|Publication number||US6288907 B1|
|Application number||US 09/343,432|
|Publication date||Sep 11, 2001|
|Filing date||Jun 30, 1999|
|Priority date||May 20, 1996|
|Also published as||US5778522, US5960539|
|Publication number||09343432, 343432, US 6288907 B1, US 6288907B1, US-B1-6288907, US6288907 B1, US6288907B1|
|Inventors||Carmen D. Burns|
|Original Assignee||Staktek Group, L.P.|
|Export Citation||BiBTeX, EndNote, RefMan|
|Patent Citations (23), Non-Patent Citations (1), Referenced by (16), Classifications (22), Legal Events (12)|
|External Links: USPTO, USPTO Assignment, Espacenet|
This Application is a Continuation of U.S. application Ser. No. 09/021,744, filed Feb. 11, 1998, now U.S. Pat. No. 5,960,539, which is a Divisional of U.S. application Ser. No. 08/650,721, filed May 20, 1996, now U.S. Pat. No. 5,778,522, issued Jul. 14, 1998, and incorporated by reference herein for all purposes.
1. Field of the Invention
This invention relates to a high-density, integrated circuit module, which includes a plurality of stacked individual integrated circuit devices including complex geometric or serpentine interconnect rails for selectively interconnecting leads of the stacked integrated circuit devices to each other and to external circuitry, which includes strain relief.
2. Discussion of the Related Technology
One method of achieving an ultra high density integrated circuit module, which includes stacked individual integrated circuit devices, is to use external electrical interconnect rails to interconnect electrical leads extending from the stacked individual integrated circuit devices within the module. This method and high density module is described in U.S. Pat. Nos. 5,279,029 and 5,367,766, which are assigned to the common assignee of the present invention and are incorporated by reference herein for all purposes.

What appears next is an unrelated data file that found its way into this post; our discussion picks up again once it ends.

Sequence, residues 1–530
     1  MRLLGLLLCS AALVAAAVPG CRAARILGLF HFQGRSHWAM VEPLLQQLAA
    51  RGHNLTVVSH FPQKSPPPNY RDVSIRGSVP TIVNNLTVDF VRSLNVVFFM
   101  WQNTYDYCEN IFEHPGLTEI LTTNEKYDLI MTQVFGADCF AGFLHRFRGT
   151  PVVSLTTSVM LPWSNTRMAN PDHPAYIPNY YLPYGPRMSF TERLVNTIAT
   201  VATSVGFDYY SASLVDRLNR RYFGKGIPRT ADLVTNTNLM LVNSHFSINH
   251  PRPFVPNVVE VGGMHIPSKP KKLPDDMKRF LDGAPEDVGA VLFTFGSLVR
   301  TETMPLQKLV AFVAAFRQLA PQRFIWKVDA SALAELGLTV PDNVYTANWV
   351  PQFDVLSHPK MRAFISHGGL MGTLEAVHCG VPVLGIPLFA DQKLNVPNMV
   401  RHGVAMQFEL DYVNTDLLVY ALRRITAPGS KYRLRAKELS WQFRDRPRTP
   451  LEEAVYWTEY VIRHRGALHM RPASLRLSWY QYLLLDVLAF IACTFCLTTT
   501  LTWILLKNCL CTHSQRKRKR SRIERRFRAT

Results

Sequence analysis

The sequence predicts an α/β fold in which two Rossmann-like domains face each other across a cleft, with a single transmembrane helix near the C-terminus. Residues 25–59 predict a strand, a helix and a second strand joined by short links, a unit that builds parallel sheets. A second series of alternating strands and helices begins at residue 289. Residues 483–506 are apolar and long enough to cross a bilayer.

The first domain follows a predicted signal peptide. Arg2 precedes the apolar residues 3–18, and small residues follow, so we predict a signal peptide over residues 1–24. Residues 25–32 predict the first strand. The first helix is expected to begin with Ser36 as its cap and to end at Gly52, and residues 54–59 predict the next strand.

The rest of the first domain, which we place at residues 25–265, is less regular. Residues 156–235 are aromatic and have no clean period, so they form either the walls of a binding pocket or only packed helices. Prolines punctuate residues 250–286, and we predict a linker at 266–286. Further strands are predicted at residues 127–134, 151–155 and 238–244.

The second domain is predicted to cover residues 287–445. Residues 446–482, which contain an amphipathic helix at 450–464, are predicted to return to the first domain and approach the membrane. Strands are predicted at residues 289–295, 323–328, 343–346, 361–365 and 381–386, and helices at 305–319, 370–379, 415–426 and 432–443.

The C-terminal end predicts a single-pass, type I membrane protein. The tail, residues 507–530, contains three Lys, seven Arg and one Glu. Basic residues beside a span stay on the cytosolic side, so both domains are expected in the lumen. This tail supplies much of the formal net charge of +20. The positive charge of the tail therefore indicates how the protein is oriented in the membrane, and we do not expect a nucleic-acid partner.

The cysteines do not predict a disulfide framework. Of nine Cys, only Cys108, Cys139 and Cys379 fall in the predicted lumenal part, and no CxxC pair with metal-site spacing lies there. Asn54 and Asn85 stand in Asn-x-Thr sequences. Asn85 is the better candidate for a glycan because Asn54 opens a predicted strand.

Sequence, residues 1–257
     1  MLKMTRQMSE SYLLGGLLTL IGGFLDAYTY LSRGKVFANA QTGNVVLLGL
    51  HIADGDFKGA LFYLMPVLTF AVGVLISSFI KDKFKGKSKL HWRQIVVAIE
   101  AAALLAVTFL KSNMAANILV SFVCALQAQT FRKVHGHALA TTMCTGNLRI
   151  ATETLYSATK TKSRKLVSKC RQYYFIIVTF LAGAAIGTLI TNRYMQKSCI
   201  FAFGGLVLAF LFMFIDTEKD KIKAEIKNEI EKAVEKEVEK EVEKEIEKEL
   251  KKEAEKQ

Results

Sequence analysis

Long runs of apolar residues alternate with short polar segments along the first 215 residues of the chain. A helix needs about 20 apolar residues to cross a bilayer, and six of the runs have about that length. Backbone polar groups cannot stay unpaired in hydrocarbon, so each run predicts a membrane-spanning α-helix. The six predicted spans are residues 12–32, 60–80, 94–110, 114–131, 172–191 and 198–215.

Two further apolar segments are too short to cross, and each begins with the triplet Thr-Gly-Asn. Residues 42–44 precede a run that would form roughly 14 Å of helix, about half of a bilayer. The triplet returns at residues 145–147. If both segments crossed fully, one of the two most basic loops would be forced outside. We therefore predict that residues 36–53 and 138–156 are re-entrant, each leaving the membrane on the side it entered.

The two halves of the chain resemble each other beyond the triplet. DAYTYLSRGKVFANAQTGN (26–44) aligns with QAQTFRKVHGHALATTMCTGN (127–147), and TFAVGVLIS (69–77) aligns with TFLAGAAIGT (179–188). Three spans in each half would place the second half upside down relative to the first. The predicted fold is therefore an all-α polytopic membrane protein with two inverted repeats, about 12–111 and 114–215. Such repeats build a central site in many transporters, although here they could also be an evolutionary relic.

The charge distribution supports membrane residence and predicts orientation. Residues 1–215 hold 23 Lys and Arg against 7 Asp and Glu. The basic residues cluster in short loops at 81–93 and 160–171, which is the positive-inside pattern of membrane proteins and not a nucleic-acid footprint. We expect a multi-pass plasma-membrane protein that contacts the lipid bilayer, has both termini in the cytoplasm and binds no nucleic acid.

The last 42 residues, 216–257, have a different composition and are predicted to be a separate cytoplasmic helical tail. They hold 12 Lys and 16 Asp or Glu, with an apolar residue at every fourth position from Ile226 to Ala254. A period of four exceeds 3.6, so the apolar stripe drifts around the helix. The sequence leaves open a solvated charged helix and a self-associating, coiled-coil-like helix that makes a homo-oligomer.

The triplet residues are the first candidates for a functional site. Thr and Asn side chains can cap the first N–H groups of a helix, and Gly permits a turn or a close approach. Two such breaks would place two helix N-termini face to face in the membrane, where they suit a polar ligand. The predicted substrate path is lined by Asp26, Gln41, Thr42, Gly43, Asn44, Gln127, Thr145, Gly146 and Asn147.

In applications where the high density integrated circuit module includes dissimilar integrated circuit devices, e.g. memory devices, microprocessor, DMA device, etc., or where the lead-to-lead spacing of individual devices is not uniform, there is a need for a non-linear signal path that provides selectable electrical interconnections between the dissimilar integrated circuit devices which make up the module.
In previous methods and apparatus for electrically interconnecting the leads of stacked integrated circuit devices within a high density module, the electrical interconnect rails associated with these prior art devices are typically linear, i.e. the leads in each respective column of leads in the stack of packages are electrically and thermally interconnected to a single linear rail. Thus, making an electrical connection only between alternating leads in a particular column of leads in the stack, or only between leads of every third or fourth device in the stack, is very, difficult. Leads from integrated circuit devices which are not to be electrically connected to the linear rails must be trimmed internally or externally so as to not contact the rail or, at the very least, bent away from the rails so a solder connection between the rails and the leads is not made. This requires a more complex and costly manufacturing process.
Previous methods which use non-linear rail interconnections, such as those described in application Ser. No. 08/377,578, entitled “High Density Integrated Circuit Module With Complex Electrical Interconnect Rails”, assigned to the common assignee of the present invention and incorporated herein for all purposes, use non-linear rails having apertures formed therein for receiving leads to be connected to the non-linear rail. However, the non-linear rail is wider at the aperture portion than at other portion along the rail, since the aperture is completely surrounded by the rail. In applications where the lead centers of integrated circuit devices in the stacked module are closer together, the relatively large width of the rails at the apertures may make it more difficult to route additional non-linear rails between adjacent rails if the rails completely surround the aperture, thereby creating a more narrow space between adjacent rails.
Thus, the need exists for a non-linear rail design which enables complex electrical rails to be routed between adjacent rails as lead centers of devices get more narrow.